Funny how Microsoft has no problem at all automatically opting me in to sharing my personal information with its “partners” within four seconds of me creating an account. But if I try to opt-out, it suddenly canʼt cope.
If a simple toggle of a button can bring Microsoft to its knees, why would I trust it with anything at all? Is this the power, resiliency, and scaleability of the masterful Azure “cloud” its always talking about?
When H.E.B. says the grocery delivery person is 17 minutes away, thatʼs how I know he's standing outside my door unloading his cart. It's always exactly 17 minutes. I get the text message, look for the cat acting up, and can see the shadow of the delivery person outside my door.
Consistency is a good thing. And “consistently wrong” is a type of consistency, right?
It's nice that iOS 16 lets people know the phone is too hot when it does things. It used to do things, but not tell you.
When I lived in the desert, just having an iPhone in your pocket or on a table could sometimes cause the phone to turn itself off. If you were lucky, you'd see something very quickly appear on the screen about “Entering thermal shutdown” or some such. A minute later, you were out in the desert without a working phone.
Apple, and most tech companies, build their products for the environment where Apple, and most tech companies, are located — San Francisco. When I talk to tech people who work at these companies, sometimes they simply cannot wrap their brains around weather conditions that are commonplace elsewhere.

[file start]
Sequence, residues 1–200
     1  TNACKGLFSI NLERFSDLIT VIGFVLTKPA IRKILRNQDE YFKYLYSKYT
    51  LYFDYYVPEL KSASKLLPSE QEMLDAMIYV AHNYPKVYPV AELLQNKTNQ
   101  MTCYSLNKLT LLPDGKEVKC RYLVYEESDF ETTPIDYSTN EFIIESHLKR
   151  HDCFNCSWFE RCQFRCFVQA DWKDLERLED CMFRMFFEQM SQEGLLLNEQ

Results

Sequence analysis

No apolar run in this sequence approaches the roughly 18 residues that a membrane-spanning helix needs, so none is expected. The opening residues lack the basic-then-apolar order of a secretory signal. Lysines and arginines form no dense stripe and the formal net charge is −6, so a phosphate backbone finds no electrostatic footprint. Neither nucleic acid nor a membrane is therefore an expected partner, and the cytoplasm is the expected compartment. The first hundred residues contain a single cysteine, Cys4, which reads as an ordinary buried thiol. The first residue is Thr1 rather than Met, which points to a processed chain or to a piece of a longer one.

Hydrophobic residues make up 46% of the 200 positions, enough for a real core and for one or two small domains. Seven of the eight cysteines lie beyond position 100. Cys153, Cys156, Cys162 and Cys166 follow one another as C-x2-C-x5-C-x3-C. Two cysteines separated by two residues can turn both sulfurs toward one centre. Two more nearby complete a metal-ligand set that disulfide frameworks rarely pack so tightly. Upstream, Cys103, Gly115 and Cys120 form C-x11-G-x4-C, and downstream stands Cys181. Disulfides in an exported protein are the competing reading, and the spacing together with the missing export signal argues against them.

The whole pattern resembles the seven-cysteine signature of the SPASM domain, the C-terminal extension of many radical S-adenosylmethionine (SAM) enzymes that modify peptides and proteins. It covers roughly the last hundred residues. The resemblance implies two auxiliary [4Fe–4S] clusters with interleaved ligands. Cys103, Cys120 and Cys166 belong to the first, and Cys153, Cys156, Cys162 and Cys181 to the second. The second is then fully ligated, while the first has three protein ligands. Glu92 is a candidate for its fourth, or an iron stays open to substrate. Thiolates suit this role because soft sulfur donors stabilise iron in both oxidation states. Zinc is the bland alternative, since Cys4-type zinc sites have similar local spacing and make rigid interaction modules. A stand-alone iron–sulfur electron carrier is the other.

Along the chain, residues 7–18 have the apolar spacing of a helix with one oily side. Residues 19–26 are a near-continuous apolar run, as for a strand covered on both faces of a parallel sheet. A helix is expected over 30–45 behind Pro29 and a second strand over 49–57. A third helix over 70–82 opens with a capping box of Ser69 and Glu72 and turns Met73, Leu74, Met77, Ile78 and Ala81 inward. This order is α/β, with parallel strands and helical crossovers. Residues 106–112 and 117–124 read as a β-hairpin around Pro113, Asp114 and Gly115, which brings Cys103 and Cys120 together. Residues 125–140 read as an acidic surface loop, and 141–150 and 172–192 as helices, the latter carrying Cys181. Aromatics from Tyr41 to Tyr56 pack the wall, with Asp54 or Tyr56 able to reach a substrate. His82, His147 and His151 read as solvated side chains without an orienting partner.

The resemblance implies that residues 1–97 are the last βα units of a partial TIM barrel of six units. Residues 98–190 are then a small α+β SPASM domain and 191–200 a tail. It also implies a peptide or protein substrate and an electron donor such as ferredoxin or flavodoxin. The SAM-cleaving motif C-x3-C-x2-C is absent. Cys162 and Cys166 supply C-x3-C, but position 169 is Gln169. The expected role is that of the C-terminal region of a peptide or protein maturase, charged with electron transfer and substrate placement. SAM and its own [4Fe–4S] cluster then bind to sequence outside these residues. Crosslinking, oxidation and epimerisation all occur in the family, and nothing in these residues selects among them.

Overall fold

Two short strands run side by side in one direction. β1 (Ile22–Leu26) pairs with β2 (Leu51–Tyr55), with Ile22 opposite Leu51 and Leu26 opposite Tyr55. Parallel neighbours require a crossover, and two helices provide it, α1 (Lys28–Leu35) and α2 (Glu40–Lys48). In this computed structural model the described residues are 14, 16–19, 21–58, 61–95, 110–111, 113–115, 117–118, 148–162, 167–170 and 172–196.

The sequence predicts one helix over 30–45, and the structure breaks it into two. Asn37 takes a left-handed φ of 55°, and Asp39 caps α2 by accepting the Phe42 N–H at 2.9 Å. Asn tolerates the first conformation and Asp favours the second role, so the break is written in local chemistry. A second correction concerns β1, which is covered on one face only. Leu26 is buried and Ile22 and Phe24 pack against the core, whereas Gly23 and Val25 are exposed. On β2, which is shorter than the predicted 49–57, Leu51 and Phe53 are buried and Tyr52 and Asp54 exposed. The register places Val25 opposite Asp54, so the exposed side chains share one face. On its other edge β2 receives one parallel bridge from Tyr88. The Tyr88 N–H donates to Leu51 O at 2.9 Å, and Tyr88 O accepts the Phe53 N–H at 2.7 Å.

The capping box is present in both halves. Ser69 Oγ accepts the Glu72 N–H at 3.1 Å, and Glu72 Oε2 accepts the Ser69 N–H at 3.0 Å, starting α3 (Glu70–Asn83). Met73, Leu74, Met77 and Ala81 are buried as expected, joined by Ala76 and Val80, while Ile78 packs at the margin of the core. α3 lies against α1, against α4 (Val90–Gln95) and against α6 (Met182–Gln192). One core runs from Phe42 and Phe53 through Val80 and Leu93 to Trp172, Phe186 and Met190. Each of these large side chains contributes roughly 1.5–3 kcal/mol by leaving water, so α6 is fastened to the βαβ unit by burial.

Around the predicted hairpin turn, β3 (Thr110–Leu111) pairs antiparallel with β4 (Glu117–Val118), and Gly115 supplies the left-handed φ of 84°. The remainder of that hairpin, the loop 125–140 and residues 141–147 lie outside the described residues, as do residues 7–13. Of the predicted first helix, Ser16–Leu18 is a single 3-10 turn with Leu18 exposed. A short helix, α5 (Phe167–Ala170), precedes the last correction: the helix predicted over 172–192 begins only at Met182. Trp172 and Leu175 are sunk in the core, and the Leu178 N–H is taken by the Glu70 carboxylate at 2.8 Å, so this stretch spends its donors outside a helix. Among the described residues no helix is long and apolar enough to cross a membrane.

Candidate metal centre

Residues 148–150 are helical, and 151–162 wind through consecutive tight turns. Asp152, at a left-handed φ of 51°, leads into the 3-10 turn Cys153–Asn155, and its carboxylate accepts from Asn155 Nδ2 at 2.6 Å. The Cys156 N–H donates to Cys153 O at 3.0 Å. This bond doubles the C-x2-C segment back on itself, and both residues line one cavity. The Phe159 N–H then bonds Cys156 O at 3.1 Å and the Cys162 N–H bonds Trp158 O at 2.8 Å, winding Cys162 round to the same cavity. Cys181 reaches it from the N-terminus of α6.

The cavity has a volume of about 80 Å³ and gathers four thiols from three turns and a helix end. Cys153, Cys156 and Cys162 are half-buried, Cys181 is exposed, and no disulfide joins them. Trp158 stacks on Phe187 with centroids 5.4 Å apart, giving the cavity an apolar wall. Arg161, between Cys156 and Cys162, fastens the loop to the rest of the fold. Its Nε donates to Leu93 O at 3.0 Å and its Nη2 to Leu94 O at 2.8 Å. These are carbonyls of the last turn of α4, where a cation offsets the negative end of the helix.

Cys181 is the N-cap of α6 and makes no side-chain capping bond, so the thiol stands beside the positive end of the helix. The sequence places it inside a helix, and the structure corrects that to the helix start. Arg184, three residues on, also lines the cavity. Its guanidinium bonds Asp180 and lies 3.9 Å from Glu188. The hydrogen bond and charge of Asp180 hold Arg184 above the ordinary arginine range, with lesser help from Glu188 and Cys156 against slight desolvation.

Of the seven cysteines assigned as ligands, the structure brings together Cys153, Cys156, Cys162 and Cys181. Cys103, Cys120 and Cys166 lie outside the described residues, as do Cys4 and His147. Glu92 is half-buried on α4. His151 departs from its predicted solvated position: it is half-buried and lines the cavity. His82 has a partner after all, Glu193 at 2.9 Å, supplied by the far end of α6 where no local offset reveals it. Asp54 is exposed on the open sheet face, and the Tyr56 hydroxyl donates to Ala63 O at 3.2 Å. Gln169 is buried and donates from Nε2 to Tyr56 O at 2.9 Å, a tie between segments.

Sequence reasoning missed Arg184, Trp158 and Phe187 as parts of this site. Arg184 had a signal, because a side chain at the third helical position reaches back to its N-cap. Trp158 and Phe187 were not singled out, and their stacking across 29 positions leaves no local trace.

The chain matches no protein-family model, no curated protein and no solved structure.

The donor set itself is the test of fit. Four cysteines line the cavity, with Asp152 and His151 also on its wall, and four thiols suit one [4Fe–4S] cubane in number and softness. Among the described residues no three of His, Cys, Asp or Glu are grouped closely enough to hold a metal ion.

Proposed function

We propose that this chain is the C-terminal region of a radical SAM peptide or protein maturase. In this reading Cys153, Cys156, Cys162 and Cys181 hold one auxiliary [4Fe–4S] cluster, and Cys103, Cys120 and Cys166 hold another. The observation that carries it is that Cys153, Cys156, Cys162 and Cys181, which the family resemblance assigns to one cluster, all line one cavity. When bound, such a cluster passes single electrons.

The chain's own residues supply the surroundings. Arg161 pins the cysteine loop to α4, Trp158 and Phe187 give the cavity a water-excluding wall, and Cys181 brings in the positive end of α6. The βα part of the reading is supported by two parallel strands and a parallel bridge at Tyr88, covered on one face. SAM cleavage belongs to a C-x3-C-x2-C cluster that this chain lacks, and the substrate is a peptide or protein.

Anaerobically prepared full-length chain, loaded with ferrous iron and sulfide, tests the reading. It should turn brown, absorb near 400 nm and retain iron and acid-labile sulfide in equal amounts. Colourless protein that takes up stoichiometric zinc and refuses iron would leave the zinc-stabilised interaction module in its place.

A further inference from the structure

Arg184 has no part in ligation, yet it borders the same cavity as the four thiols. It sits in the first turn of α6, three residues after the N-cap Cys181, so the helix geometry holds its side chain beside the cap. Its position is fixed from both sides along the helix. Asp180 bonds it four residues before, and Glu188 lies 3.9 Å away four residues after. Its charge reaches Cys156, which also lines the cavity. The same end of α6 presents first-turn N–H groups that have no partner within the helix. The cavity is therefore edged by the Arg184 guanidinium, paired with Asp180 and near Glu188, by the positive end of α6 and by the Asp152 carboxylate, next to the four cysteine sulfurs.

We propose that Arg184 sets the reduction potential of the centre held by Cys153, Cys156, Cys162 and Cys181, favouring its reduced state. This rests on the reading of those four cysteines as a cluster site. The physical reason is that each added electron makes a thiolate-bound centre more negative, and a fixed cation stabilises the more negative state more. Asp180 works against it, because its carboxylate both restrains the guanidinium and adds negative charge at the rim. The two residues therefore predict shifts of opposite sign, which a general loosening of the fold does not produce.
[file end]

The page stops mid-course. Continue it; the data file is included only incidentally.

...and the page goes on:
Another example is iPhone wired headphones. Theyʼre made with plastic that gets brittle in the cold. Of course, when youʼre bundled up against the cold is when you need your headphones the most. That was how I learned about Bluetooth headphones, and got a set of Sony headphones for use with my SonyEricsson M600c when commuting on the CTA in the middle of the night during Chicago winters. Apple wouldnʼt make its own wireless headphones until over a decade later.
Today I decided to make a Sears-accurate label for my Harmony cart.
If you're not a retro video game nerd, some of those words may not make sense. To elucidate:
A Harmony Cartridge is a device that can be plugged into an 1970's-era Atari 2600 video game machine. Data files can then be loaded onto an SD card, and the SD card inserted into the Harmony cartridge so that you can play many different video games without having to swap cartridges all the time.
In the 1970's, Sears licensed the Atari 2600 and put out its own version, calling it the Sears Tele-Games Video Arcade. This is the machine that I own.
Sears also licensed Atari's video games for the machine, and sold them under its own Sears Tele-Games brand
Sears was notorious for changing the names of Atari games. Sometimes because the name that Atari chose for its 2600 game was the same as one that Sears used for an earlier video game machine. Sometimes just because. Sears was this massive company that built America's tallest building and had its own ZIP Code, so renaming a bunch of video games was no big deal.
The Harmony cart comes with a label that doesn't look like an Atari label, or a Sears label, so it kind of ruins the look of the machine. In fact, there's no label on the end at all. That's because that's where you jam the microSD card into the cart so you can play your games.
I found some fonts on the intarwebs and decided to teach myself a bit of Affinity Photo. The result is pretty good. It's far from perfect, mostly because I couldn't find a font that really matches the Sears font. Which makes sense, since Sears was a big enough company to have its own font artists.